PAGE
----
In an Afghan Studies talk, Timothy Nunan urged historians to employ a transregional approach to Islamist and socialist movements in the Middle East during the Cold War.
“Decades after the end of the Cold War, the Iron Curtain still influences the way we write about the Silk Road.”
by Kevin Sprague (UCLA 2018)
UCLA International Institute, April 4, 2018 — Cold War-era conflicts between socialists and Islamists in Iran and Afghanistan often go unexamined by scholars. When they are analyzed, they are generally perceived as proxy conflicts between the United States and the USSR.
In a late February talk presented as part of the Afghan Studies Lecture Series, Timothy Nunan, Freigeist Fellow at the Free University of Berlin, argued that this approach de-centered regional conflicts away from Iranian and Afghan political history in particular. The event was organized by the Program on Central Asia of the UCLA Asia Pacific Center and cosponsored by the UCLA Center for European and Russian Studies.
Nunan argued that U.S.-Soviet antagonism during the Cold War created new spaces for Islamic actors in the Middle East. Scholars of the Soviet Union, Middle East and Central Asia, he said, would be better served by examining the history of socialist and Islamist conflicts through a transregional, intersectional lens.
Conflicts in Central Asia during this period were not simple proxy wars, he said. Rather, they were unique decades-long conflicts between Islamists and socialists that were conditioned by the interaction of the Soviet Union with Iranian and Afghan actors.
An international, intersectional approach
“Decades after the end of the Cold War, the Iron Curtain still influences the way we write about the Silk Road,” said Nunan. He pointed to the presence of Russian steel plants, Czechoslovak factories and Soviet farms in Afghanistan as physical examples of the complicated history of trade between Central Asia and the former Eastern Bloc. However, interaction between the region and Russia was shaped not only by economic markets, but also by ideology, which in turn affected political discourse.
Although the theocratic Islamic Republic of Iran adopted the slogan "Neither East nor West, only the Islamic Republic,” Nunan said that multiple ideals of the secular USSR, together with the institutions of Cold War–era Russia, undeniably shaped the strategy and political activity of the Islamic Republic.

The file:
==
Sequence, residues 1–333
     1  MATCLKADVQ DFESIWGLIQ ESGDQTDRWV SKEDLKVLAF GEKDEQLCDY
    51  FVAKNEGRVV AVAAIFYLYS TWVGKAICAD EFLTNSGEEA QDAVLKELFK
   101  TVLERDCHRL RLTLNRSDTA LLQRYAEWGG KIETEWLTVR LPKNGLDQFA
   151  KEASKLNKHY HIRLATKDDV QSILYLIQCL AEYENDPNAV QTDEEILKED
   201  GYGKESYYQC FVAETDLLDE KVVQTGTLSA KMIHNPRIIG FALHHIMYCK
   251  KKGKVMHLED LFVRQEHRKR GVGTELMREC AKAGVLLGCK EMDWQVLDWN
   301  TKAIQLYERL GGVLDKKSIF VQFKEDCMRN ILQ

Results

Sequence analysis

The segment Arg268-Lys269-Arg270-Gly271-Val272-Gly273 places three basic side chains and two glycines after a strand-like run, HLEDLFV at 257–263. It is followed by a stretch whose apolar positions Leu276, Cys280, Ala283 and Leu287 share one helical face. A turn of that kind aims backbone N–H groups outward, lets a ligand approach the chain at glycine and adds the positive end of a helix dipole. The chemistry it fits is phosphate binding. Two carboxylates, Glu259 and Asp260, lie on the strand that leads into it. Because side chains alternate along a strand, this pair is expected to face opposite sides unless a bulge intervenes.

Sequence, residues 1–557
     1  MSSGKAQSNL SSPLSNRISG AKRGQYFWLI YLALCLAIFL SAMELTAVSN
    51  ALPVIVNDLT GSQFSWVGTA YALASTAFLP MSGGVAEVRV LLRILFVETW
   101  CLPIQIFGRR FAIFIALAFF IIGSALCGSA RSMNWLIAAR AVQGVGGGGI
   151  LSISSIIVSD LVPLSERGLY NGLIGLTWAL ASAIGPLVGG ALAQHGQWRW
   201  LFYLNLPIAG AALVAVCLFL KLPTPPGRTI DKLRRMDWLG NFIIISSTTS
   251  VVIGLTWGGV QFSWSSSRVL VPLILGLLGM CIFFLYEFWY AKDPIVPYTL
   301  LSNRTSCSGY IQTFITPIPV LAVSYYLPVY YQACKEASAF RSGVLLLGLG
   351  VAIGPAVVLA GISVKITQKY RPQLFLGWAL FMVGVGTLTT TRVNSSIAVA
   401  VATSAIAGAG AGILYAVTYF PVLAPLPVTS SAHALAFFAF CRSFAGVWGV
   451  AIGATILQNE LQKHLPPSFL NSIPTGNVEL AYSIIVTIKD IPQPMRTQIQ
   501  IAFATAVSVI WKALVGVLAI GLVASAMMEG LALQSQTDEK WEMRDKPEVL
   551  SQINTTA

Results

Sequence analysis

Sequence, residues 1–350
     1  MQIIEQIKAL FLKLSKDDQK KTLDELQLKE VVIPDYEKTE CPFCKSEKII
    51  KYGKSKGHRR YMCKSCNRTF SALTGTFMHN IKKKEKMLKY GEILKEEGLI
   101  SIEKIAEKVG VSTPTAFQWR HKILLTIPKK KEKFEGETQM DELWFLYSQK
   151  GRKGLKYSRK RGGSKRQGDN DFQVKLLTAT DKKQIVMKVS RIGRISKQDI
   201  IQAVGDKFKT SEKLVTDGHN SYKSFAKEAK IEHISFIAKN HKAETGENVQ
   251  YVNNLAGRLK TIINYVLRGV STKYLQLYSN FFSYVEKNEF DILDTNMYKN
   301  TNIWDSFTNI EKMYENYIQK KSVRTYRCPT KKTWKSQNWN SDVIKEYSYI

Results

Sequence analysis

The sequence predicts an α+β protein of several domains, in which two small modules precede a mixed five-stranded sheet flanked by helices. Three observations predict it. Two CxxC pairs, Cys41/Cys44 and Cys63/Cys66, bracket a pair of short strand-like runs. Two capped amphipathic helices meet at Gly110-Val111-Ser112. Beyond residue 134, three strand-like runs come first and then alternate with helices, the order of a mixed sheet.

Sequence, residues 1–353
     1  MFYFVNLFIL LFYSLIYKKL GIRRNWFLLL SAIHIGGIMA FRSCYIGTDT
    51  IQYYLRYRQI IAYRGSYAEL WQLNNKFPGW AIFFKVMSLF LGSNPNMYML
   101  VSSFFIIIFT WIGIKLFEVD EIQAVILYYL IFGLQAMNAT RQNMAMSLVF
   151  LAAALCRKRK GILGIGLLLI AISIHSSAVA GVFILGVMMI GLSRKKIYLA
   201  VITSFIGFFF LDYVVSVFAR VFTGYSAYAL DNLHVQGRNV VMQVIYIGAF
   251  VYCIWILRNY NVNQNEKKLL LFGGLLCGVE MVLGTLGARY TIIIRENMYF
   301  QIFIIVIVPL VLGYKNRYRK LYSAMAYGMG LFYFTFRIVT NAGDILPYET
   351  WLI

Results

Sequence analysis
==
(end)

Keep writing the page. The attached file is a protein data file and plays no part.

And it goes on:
Similarly, Afghanistan’s history of political turmoil was intrinsically linked to the USSR. “During the 1960s, Afghanistan became a hot house for Cold War ideologies,” Nunan explained. “It was a parliamentary monarchy facing repeated efforts to carry out land reform that went nowhere. Frustrated students looked to the Soviet Union and China for ideological alternatives,” he said.
Inspired by the Soviet Union, a group of Afghan Marxists and army officers toppled the regime in 1978 and proclaimed the Democratic Republic of Afghanistan. “Once they entered power, these Afghan communists seemed more interested in murdering one another than in governing the country, much less combatting an Islamist insurgency,” said the speaker.
Disturbed by the erratic behavior of the Marxist regime, Moscow dispatched soldiers to Kabul in December of 1979. When these troops failed to quell the emerging civil war, they stayed, soon forming an occupying force of 100,000 soldiers.
The Soviet Union, continued the speaker, eyed Kabul as a potential hub for internationalizing socialism, while Islamists in Iran hoped to transform the city into a stronghold of pan-Islamism. After the Soviet occupation, however, Afghanistan was consigned to the popular narrative of “the Soviet Union’s Vietnam.”